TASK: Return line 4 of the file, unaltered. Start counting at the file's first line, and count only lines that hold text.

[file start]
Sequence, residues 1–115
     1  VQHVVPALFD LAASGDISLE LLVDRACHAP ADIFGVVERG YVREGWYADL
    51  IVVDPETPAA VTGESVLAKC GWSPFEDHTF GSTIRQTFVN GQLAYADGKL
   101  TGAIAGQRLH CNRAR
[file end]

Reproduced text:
   101  TGAIAGQRLH CNRAR